Finding joy in a space in which Joy was bottled

21 12 2017

The photographs of the site of the former National Aerated Water Co. used in this post were taken during a private visit organised by the Urban Redevelopment Authority (URA) for invited guests and have been used with the kind permission of the site’s current owner. Do note that the site is not opened to the public.


Disused spaces bring great joy, even as in the case of the former National Aerated Water Co’s bottling plant at 3MS Serangoon Road, the paraphernalia associated its use has long been removed. There is much to learn from the spaces, especially those that were conceived with little in way of frills in an age of greater simplicity. The disused plant, fronted by an art-deco-esque tw0-strorey structure placed along a thoroughfare that would have been hard to miss, last saw use some two decades ago. Associated with the bottling of two popular soft-drink labels, Sinalco and the joy in a green bottle that was the comic strip inspired Kickapoo Joy Juice,  there are many now who look back fondly at the now empty building that is one of few constants in an area that has seen much change.

The art-deco front of the former factory is a rare constant in an area that has seen much change.

The good news we heard just last week was that a portion of the former plant – its front – is being conserved. Selangor Dredging purchased the site for residential redevelopment just last year and has over the year been working with the URA on the conservation of the former plant’s most recognisable feature and its face – the art-deco main building.

The disused factory offers us a window into the past.

The factory, of a 1954 vintage, last saw operations some two decades ago. Built at a time of increasing demand for soft drinks, the home-grown company’s new plant found immediate success. The investment in the state-of-the-art factory and bottling equipment on the company’s 25th Anniversary was motivated by Sinalco’s 1952 award of exclusive bottling and distribution rights. An interesting nugget of information was shared by the URA about the rather peculiar name of the German drink was that it was derived from the words “sine alcohol” or without (in Latin) alcohol. More on the plant and the company can be found in a previous post: Losing its fizz: the third milestone without the former National Aerated Water plant.

Writings on the wall: soft drinks bottled at the plant … plus a secret formula perhaps.

The L-shaped building being conserved was where the company was run from. Offices and a mixing room were located on the upper floor and a reception, the storage area and distribution spaces on the lower level. The conserved building has several interesting features. These include a purpose designed “signage tower” on which the Sinalco logo was emblazoned, a tapering balcony at the front with a fair-faced brick parapet facing the road on which the company’s name is mounted, and a built-in sun shade projecting out from the building’s side that spirals out of a circular window (see: Conserved features of the building at “Former National Aerated Water Factory building to be gazetted for conservation” identified by URA). Parts of the building will have to be rebuilt. This includes the southeast corner, which will have to be knocked-down to permit vehicular entry to the site for construction.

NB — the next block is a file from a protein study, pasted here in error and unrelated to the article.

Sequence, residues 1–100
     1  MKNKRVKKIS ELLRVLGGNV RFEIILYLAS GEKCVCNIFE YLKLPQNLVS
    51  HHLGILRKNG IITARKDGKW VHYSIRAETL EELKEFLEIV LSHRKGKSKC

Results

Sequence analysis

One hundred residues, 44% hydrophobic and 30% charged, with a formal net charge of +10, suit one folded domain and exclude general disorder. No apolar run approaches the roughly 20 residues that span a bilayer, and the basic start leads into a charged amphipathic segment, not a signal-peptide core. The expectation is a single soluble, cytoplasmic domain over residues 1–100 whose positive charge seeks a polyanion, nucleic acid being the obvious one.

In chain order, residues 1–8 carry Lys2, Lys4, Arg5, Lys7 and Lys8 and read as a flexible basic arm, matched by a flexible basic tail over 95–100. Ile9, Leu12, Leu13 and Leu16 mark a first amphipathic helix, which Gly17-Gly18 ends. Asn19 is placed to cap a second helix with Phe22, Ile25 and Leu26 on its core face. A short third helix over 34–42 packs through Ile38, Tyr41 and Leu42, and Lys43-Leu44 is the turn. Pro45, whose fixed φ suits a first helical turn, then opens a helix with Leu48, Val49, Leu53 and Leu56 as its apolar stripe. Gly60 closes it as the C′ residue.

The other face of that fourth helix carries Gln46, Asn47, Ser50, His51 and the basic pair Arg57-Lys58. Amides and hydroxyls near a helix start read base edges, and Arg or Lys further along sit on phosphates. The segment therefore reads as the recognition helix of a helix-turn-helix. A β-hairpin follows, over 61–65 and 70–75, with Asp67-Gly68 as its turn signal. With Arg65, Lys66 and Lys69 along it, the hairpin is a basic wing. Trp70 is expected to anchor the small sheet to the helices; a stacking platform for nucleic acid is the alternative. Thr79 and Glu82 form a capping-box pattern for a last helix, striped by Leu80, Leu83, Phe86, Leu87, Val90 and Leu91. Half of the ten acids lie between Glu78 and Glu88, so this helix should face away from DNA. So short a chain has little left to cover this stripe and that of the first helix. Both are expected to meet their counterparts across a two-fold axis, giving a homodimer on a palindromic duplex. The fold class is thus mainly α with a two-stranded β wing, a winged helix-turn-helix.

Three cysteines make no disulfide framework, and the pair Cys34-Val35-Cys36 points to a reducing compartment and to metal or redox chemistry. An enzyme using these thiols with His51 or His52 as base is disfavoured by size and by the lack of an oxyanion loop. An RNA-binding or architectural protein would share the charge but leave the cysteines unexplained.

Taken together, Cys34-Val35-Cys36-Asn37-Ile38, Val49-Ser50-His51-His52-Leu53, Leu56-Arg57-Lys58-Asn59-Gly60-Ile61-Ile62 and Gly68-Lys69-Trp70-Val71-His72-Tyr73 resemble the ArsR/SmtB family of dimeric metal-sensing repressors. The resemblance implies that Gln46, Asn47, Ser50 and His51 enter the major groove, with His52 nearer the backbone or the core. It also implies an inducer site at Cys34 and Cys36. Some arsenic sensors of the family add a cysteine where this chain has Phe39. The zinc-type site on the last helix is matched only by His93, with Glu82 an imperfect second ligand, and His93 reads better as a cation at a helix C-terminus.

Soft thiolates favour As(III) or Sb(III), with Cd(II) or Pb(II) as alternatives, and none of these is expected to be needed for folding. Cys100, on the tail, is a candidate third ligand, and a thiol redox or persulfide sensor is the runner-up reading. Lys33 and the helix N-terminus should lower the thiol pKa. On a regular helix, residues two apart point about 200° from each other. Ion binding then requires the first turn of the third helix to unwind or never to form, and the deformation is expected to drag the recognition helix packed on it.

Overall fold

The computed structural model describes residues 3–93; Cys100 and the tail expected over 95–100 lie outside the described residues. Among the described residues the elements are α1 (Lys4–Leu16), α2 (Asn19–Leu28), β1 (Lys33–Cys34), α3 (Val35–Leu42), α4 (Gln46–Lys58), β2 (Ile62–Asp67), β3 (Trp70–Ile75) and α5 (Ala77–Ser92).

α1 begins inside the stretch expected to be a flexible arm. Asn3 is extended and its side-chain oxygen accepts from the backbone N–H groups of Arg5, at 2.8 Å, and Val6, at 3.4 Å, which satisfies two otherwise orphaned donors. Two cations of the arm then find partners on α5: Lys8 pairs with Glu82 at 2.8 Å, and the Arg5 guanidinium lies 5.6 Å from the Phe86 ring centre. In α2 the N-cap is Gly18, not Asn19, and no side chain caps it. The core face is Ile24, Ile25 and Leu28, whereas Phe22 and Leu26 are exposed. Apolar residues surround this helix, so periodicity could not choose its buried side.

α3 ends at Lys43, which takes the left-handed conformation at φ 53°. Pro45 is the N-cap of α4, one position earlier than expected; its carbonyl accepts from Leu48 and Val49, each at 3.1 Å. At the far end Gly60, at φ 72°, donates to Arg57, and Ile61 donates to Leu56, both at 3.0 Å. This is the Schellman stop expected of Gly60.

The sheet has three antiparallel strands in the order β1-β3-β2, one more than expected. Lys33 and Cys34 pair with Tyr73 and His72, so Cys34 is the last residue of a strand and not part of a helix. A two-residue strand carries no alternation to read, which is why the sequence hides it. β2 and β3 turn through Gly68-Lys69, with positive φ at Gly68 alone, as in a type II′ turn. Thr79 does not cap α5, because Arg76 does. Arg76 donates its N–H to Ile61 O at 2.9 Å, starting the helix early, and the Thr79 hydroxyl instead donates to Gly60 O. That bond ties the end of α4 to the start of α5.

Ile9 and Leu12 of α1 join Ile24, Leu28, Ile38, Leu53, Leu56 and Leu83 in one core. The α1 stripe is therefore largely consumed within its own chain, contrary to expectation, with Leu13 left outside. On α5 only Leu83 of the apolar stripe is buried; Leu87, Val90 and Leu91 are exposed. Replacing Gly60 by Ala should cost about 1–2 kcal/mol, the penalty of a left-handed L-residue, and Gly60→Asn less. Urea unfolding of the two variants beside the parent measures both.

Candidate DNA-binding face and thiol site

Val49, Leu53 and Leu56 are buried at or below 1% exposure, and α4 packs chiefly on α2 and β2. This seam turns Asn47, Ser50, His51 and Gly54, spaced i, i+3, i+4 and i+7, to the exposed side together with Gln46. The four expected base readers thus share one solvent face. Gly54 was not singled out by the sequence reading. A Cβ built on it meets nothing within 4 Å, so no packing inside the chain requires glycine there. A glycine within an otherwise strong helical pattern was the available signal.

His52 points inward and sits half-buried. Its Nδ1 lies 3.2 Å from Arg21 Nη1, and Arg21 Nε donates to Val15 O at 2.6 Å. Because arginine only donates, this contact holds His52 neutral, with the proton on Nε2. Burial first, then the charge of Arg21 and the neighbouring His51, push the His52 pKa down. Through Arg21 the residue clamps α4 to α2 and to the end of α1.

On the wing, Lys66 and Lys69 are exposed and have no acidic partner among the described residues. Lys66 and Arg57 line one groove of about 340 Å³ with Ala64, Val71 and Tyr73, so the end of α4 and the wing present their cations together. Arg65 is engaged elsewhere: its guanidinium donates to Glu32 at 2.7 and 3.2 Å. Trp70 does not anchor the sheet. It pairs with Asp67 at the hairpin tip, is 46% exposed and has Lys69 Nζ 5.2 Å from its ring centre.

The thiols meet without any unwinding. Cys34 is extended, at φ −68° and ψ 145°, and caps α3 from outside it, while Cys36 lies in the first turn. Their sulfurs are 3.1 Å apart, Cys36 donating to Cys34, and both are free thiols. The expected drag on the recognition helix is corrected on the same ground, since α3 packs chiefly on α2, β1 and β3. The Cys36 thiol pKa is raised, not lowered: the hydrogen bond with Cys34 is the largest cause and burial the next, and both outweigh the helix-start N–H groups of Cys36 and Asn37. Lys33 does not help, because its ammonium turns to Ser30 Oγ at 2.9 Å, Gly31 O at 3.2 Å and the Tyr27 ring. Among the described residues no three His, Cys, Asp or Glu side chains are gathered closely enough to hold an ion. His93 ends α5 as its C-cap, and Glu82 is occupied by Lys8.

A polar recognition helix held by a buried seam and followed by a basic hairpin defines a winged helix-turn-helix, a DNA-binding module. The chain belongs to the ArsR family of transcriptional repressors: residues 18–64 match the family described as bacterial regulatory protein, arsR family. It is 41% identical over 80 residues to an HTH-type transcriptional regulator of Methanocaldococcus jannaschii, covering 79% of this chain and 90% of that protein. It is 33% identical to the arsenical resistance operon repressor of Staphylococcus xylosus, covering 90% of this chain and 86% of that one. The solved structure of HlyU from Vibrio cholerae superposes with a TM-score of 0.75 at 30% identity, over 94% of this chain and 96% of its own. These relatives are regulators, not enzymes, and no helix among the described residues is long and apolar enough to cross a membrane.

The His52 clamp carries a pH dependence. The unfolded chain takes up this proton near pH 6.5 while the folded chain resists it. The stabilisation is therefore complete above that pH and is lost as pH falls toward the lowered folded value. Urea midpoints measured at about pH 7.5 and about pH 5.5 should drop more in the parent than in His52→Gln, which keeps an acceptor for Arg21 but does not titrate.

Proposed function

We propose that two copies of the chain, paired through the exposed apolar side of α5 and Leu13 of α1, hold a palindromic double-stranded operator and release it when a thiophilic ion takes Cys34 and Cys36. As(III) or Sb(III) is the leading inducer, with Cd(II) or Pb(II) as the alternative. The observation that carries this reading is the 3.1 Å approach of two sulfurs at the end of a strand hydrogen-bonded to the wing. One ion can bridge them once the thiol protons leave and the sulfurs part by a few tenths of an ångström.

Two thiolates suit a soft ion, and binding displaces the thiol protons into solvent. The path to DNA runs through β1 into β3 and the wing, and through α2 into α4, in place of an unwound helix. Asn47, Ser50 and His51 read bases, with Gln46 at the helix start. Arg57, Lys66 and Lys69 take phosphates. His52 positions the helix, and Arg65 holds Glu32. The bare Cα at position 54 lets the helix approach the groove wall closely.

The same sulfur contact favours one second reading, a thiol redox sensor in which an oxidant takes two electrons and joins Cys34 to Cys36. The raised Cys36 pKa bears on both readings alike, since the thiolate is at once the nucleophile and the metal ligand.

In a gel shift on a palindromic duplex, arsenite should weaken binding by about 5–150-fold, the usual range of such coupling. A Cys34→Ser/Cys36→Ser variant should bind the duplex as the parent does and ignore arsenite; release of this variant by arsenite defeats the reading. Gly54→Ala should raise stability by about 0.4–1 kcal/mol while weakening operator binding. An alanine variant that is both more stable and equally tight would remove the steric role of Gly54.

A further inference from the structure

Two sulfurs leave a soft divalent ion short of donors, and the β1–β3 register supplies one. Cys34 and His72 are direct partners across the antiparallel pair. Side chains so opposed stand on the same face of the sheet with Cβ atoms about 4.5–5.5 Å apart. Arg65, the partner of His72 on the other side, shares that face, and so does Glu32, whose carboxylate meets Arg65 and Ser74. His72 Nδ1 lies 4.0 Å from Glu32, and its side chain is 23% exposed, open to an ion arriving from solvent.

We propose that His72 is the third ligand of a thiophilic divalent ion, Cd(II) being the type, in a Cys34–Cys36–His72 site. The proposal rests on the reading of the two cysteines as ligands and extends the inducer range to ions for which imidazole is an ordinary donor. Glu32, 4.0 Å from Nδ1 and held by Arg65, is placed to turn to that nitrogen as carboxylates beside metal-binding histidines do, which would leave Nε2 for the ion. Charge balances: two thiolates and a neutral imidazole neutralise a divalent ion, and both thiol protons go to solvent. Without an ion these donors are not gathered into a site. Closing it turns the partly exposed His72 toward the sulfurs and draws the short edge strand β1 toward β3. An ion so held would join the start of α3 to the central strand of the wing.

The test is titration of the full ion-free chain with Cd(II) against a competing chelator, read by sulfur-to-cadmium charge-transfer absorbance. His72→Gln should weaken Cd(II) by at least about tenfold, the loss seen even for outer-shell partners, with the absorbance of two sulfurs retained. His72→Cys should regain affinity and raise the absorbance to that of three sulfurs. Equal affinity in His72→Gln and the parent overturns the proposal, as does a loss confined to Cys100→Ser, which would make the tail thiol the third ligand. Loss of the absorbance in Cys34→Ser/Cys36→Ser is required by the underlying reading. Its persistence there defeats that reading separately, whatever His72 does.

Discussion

A sun shade or concrete, spiraling out of a circular window.

The signage tower.

Office space on the upper floor.

Redevelopment will take place on the site just to the rear of the conserved building and this will see several structures removed, including the wide-span steel truss supported roof structure under which the main shopfloor of the plant was sited. This roof construction, topped with corrugated roofing sheets, has ample window covered openings built in to it to maxmise the entry of light and ventilation. An auxiliary building, that would have contained service spaces including toilets that can still be seen, can be found close to the rear perimeter of the site.

The shopfloor and the roof structure through which light into the factory was maximised.

The building at the rear of the site.


A look around …

A last reflection. The reception area at the southeast side of the building.

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The fair-faced brick parapet.

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Windows from the past into the present.

The main staircase.

The tapered front facing balcony.